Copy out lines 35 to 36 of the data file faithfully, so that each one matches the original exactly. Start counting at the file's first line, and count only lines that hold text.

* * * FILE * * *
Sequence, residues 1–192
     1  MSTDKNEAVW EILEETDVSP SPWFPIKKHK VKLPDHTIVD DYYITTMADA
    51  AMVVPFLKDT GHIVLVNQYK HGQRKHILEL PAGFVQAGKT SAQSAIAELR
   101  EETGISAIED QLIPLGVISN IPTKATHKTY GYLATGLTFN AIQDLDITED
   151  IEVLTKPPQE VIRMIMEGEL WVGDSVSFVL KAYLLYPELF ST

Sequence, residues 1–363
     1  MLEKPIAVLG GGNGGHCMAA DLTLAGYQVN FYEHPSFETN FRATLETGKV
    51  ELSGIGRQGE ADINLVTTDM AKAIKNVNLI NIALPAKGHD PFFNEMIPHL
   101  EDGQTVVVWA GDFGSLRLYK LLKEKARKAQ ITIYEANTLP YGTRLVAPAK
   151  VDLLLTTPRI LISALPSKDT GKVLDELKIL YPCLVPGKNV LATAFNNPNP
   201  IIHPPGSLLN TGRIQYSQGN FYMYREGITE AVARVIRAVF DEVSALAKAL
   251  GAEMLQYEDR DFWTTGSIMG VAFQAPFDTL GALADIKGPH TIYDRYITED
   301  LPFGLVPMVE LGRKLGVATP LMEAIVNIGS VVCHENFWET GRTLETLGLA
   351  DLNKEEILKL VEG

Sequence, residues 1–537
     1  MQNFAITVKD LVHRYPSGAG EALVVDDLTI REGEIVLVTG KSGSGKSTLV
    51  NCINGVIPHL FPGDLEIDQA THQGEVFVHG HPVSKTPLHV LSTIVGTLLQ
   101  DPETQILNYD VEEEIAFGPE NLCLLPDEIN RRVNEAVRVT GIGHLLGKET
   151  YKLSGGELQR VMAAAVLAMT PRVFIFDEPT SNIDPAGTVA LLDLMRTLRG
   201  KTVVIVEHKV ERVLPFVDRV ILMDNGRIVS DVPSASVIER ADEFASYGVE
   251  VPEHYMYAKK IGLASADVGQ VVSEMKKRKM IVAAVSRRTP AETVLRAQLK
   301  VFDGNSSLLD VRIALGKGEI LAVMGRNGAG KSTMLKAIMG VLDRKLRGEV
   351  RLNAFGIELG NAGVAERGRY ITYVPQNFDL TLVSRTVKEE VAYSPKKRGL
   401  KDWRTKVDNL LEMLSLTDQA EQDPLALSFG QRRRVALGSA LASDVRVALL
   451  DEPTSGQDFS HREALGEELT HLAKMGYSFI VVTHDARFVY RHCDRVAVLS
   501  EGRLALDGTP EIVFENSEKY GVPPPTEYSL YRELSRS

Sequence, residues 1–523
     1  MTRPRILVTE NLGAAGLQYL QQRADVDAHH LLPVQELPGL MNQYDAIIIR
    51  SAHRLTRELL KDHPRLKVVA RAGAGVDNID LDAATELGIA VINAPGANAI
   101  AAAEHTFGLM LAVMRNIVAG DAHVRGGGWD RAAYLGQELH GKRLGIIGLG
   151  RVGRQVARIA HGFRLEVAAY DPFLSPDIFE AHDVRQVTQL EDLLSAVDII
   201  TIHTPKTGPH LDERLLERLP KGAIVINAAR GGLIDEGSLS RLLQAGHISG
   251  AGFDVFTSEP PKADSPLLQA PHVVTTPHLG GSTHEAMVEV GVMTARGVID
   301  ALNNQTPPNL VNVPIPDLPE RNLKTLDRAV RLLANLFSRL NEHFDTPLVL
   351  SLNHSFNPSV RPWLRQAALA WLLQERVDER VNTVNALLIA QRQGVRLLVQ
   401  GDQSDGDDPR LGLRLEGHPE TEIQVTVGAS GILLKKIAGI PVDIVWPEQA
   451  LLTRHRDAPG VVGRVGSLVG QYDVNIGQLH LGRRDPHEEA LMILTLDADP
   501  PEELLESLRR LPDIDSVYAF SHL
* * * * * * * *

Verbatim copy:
   351  SLNHSFNPSV RPWLRQAALA WLLQERVDER VNTVNALLIA QRQGVRLLVQ
   401  GDQSDGDDPR LGLRLEGHPE TEIQVTVGAS GILLKKIAGI PVDIVWPEQA